A functional attack requires the attacker to convince a user to connect to an attacker-established SMB server; overall, this vulnerability is not too difficult to exploit. An attacker could entice a victim to follow a link to a malicious site or carry out man-in-the-middle attacks from an internal network by redirecting a victim to a malicious site. The researchers responsible for discovering this issue have also released a set of Ruby scripts that can be used to automate the exploitation process. The Symantec DeepSight team successfully tested this issue against a computer running Windows Server 2003 SP2.
The exploitation process of the proof-of-concept scripts is as follows:
1. A vulnerable computer is identified by a script that repeatedly sends 'SMB Negotiate Protocol Request' packets to the computer. The computer is deemed vulnerable when duplicates challenges are found.
2. A script is then used to send multiple 'SMB Negotiate Protocol Request' packets to the vulnerable computer and record the 8-byte challenges obtained from the computer. The script is also used to establish an SMB server for the attacker.
3. A website that contains multiple links to the attacker’s SMB server is established. These requests are processed by a user’s browser when a site is visited. A vulnerable user must be enticed to visit the malicious site or be redirected using a man-in-the-middle attack.
4. When a user visits the site, the SMB requests are sent to the attacker’s SMB server. The attacker’s server sends the previously recorded challenges to the user and gathers the user’s responses.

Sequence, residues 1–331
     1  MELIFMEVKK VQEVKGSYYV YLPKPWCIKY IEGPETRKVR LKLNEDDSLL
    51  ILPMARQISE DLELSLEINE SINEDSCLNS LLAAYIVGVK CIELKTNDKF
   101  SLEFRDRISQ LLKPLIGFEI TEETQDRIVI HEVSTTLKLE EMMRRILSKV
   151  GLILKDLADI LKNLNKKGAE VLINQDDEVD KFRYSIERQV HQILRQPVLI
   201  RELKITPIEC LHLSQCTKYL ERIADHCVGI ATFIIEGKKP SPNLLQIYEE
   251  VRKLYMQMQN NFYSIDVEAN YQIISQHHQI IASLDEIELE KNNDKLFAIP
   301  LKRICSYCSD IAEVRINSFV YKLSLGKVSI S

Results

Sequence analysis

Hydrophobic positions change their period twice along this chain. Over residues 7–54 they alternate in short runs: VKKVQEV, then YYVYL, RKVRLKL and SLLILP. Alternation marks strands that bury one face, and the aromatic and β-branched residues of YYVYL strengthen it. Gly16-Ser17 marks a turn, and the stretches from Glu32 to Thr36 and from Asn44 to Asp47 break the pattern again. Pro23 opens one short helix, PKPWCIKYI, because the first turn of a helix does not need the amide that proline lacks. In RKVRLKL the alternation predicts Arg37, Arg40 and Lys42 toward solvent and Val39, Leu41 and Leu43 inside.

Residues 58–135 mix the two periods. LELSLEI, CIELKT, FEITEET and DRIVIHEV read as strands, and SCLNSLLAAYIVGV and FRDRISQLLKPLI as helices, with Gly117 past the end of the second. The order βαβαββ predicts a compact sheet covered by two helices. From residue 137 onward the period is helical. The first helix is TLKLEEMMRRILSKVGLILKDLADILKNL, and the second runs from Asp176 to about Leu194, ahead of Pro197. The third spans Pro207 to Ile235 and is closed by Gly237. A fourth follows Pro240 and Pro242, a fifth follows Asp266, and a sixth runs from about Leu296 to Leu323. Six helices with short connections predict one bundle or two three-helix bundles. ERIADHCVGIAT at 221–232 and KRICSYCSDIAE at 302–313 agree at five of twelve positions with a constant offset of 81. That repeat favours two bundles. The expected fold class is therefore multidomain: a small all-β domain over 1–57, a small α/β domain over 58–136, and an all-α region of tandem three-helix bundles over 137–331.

5. The attacker then connects to the target computer and responds using one of the responses collected from the user in an associated challenge.
A security vulnerability such as this, along with the availability of exploit code, highlights the importance of securing internal networks against attacks. Though high-profile vulnerabilities often seen in the wild facilitate initial intrusions into a network, attackers can also make use of various tools and vulnerabilities in post-exploitation attacks and be rewarded with access to sensitive information and resources.
Some mitigation strategies to defend, detect, and respond to attacks against internal networks include:
• Employment of network segmentation through the use of network firewalls, VLANs, or logical methods.
• Deployment of IDS/IPS sensors inside network boundaries.
• Ingress and egress filtering of network traffic.
• Collection and analysis of logs from various sources such as IDS/IPS, firewalls, servers, operating system events, and applications.
• Security patch management and hardening of systems and servers on internal networks in a manner similar to externally facing systems.
• User account audit and control, including access limitations and prevention of unauthorized actions such as installation of arbitrary applications.
• Enforcement of strong password policies.
• Deployment of desktop and endpoint antivirus and security applications.
• Auditing and controlling VPN/guest access.
• Deployment of Network Access Control (NAC) solutions to unify security technologies, enforce security policies, and access control.